0 – For each gene, compile the data in a two-dimensional array consisting of the expression values from the three levels of dose (untreated, low and high) and the eight time points. Use Tukey's additivity test for two-way ANOVA (one observation per cell) to see if there is interaction between time and dose for the given gene. If there is no interaction go to step 2.

1 – If there is significant interaction between these two factors, try to remove the interaction by using the Box-Cox transformation [20]. The removal of interaction can be tested by Tukey's additivity test for transformed values corresponding to each parameter of the Box-Cox transformation. We have chosen this parameter to vary between -2 to 2 with 0.1 spacing. If the interaction is removed, use these as the new data for the given gene. If the interaction could not be removed, set the p-value of dose main effect to NA and go to step 0 to start the process for the next gene.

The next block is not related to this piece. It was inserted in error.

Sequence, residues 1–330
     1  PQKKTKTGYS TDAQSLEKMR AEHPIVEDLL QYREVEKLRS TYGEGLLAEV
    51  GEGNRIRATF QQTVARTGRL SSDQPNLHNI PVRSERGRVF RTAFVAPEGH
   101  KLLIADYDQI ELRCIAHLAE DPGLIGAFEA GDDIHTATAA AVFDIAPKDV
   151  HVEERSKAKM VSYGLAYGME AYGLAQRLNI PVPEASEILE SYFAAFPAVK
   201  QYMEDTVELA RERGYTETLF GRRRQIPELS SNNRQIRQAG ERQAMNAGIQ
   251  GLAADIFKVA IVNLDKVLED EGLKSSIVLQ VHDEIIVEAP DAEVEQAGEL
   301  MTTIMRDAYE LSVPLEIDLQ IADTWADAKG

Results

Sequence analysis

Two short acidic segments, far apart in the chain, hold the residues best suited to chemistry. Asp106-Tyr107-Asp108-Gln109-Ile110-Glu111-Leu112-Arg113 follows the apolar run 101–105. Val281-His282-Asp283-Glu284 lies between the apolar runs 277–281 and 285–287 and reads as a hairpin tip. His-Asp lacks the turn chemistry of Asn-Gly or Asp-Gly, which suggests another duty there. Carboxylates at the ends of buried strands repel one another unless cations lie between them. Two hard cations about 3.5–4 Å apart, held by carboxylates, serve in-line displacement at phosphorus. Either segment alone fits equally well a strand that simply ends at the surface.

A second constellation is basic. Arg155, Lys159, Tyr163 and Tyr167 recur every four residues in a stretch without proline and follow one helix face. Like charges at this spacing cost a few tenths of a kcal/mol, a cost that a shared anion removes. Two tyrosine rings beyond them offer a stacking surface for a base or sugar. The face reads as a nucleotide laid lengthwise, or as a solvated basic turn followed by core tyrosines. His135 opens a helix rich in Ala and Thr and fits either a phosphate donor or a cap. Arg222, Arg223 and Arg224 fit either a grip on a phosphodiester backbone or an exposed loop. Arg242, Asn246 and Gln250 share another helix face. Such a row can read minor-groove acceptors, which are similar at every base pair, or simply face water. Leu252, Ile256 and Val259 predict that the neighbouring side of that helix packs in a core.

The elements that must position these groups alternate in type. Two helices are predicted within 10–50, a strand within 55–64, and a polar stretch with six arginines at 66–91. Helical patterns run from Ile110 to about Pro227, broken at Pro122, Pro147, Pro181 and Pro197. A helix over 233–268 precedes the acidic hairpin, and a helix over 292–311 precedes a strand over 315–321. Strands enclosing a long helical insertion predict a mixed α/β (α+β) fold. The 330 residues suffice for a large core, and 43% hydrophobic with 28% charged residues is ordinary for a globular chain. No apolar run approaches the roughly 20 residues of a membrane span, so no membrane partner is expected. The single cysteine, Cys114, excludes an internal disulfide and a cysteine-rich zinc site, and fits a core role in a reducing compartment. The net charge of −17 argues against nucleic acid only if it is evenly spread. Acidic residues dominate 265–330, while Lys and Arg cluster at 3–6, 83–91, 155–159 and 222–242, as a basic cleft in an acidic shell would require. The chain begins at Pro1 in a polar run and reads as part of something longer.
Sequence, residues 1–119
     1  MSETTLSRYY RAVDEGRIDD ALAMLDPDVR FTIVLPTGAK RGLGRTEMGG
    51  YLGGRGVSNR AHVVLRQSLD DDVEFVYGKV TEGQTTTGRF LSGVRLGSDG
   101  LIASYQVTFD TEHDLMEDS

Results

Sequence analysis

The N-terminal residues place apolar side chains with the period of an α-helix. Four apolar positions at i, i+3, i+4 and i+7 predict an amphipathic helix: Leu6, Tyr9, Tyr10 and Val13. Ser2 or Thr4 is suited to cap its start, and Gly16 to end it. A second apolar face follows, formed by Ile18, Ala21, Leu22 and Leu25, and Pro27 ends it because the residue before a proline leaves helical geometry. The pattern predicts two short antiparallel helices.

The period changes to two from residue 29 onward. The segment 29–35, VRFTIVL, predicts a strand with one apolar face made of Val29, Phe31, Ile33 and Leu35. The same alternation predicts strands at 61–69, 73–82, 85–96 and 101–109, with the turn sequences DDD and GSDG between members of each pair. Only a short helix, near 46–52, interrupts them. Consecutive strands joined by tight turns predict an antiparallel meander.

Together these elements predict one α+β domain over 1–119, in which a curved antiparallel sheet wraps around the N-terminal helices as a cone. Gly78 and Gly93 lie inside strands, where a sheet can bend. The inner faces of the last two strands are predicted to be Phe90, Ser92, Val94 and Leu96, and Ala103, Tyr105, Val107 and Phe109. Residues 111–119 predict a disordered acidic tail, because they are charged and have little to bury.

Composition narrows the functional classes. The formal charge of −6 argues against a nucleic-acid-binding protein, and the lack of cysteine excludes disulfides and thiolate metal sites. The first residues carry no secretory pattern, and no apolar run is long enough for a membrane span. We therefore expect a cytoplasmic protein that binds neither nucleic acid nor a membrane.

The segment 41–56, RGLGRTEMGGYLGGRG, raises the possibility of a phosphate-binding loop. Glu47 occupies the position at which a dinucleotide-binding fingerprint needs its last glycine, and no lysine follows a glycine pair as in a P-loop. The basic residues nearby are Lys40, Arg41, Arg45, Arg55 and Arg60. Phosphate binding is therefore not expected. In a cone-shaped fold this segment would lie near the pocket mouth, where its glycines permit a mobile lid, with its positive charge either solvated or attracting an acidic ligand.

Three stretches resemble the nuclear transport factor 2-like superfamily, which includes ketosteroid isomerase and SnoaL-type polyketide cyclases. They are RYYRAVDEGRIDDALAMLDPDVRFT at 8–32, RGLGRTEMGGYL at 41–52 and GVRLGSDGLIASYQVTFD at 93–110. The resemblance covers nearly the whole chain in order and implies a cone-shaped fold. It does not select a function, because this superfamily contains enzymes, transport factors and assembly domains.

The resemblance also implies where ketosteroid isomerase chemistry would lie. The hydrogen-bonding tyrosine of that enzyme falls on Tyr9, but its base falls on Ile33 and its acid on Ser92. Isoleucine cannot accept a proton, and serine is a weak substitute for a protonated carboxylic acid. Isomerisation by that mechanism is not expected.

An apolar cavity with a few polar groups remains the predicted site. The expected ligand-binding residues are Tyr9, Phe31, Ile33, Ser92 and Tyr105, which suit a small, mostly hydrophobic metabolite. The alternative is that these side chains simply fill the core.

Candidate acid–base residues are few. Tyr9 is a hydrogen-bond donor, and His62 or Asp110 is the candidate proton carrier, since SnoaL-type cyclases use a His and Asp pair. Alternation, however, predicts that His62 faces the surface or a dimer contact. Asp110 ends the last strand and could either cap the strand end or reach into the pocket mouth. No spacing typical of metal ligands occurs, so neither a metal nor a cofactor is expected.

2 – Use two-way ANOVA to find whether there are significant differences among the levels of the dose and time factor. If there is not any significant difference on any factor, go to step 4.

3 – Use Tukey's HSD post-hoc test to determine between which levels of either factor there are significant differences and record them. Since Tukey's HSD test is conservative, in rare cases the test cannot find any significant difference between levels.

4 – Save the p-value for the difference in dose main effect for this gene and go to step 0 to start the process for the next gene.

At the end of this process, sort all genes with respect to p-values on dose main effect. The lower the p-value is for a gene, the stronger the evidence is that there are significant differences in response among the various levels of dose for that gene.

Results

A. Heatmap plots